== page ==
Rapidly Reconfigurable Field-Programmable Gate Arrays for Accelerating Fitness Evaluation in Genetic Programming   [FE] [GP]

by

Koza, J., R., Bennett III, F., H., Hutchings, J., L., Bade, S., L., Keane, M., A. and Andre, D.

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Info: Late Breaking Papers at the 1997 Genetic Programming Conference (Conference proceedings), 1997, p. 121-131
Keywords:genetic algorithms, genetic programming
Abstract:
The dominant component of the computational burden of solving non-trivial problems with evolutionary algorithms [EA] is the task of measuring the fitness of each individual in each generation of the evolving population. The advent of rapidly reconfigurable field-programmable gate arrays (FPGAs) and the idea of evolvable hardware [EH] opens the possiblity of embodying each individual of the evolving population into hardware for the purpose of accelerating the time-consuming fitness evaluation task [FE] This paper demonstrates how the massive parallelism of the rapidly reconfigurable Xilinx XC6216 FPGA can be exploited to accelerate the computationally burdensome fitness evaluation task [FE] of genetic programming. [GP] The work was done on Virtual Computing Corporation's low-cost HOTS expansion board for PC type computers. A 16-step 7-sorter was evolved that has two fewer steps than the sorting network [SN] described in the 1962 O'Connor and Nelson patent on sorting networks [SN] and that has the same number of steps as the minimal 7-sorter that was devised by Floyd and Knuth subsequent to the patent.
Notes:
GP-97LB The email address for the bookstore for mail orders is mailorder@bookstore.stanford.edu Phone no 415-329-1217 or 800-533-2670
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BibTex:
@InProceedings{Koza:1997:rrFPGAafeGP,
  author =       "John R. Koza and Forrest H {Bennett III} and Jeffrey
                 L. Hutchings and Stephen L. Bade and Martin A. Keane
                 and David Andre",
  title =        "Rapidly Reconfigurable Field-Programmable Gate Arrays
                 for Accelerating Fitness Evaluation in Genetic
                 Programming",
  booktitle =    "Late Breaking Papers at the 1997 Genetic Programming
                 Conference",
  year =         "1997",
  editor =       "John R. Koza",
  pages =        "121--131",
  address =      "Stanford University, CA, USA",
  publisher_address = "Stanford University, Stanford, California,
                 94305-3079, USA",
  month =        "13--16 " # jul,
  publisher =    "Stanford Bookstore",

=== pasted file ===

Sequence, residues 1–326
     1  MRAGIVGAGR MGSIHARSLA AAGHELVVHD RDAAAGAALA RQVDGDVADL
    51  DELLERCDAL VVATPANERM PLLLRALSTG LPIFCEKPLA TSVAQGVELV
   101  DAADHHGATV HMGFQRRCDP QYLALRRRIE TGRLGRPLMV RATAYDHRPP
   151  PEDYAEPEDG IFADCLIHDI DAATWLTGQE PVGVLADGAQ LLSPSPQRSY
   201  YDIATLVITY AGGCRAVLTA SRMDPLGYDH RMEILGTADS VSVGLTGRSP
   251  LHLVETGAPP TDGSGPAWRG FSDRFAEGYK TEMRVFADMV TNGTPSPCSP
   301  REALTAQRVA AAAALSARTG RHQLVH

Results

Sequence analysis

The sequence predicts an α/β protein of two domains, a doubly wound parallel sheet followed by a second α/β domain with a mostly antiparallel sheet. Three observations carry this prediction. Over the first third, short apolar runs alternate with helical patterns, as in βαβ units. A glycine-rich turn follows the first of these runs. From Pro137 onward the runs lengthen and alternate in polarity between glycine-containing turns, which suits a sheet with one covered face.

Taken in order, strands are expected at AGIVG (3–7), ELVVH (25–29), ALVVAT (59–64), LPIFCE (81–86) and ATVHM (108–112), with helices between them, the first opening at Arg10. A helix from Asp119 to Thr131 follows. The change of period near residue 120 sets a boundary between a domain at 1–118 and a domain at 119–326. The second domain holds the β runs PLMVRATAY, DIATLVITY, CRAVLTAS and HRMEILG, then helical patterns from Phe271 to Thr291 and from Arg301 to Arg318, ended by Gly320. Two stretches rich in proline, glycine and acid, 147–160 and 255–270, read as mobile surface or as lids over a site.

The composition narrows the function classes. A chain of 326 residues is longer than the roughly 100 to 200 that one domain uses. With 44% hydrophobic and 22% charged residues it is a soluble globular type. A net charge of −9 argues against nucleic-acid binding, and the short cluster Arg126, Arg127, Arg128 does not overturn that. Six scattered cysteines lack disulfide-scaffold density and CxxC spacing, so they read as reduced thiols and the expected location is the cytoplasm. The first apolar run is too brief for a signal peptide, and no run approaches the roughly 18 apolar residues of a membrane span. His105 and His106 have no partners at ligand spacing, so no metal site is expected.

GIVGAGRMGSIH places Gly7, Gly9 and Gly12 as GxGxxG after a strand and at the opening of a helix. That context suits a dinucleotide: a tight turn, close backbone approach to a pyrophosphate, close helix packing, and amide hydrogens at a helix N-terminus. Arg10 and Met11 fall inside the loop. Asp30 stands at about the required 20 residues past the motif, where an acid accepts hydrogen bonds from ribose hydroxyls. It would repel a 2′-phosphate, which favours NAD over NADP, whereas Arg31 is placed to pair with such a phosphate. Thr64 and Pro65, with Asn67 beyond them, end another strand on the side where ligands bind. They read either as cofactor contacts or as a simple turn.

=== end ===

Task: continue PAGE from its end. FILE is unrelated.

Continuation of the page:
keywords =     "genetic algorithms, genetic programming",
  ISBN =         "0-18-206995-8",
  URL =          "http://www-cs-faculty.stanford.edu/~koza/GPfgpa.ps",
  abstract =     "The dominant component of the computational burden of
                 solving non-trivial problems with evolutionary
                 algorithms is the task of measuring the fitness of each
                 individual in each generation of the evolving
                 population. The advent of rapidly reconfigurable
                 field-programmable gate arrays (FPGAs) and the idea of
                 evolvable hardware opens the possiblity of embodying
                 each individual of the evolving population into
                 hardware for the purpose of accelerating the
                 time-consuming fitness evaluation task This paper
                 demonstrates how the massive parallelism of the rapidly
                 reconfigurable Xilinx XC6216 FPGA can be exploited to
                 accelerate the computationally burdensome fitness
                 evaluation task of genetic programming. The work was
                 done on Virtual Computing Corporation's low-cost HOTS
                 expansion board for PC type computers. A 16-step
                 7-sorter was evolved that has two fewer steps than the
                 sorting network described in the 1962 O'Connor and
                 Nelson patent on sorting networks and that has the same
                 number of steps as the minimal 7-sorter that was
                 devised by Floyd and Knuth subsequent to the patent.",
  notes =        "GP-97LB The email address for the bookstore for mail
                 orders is mailorder@bookstore.stanford.edu Phone no
                 415-329-1217 or 800-533-2670",
}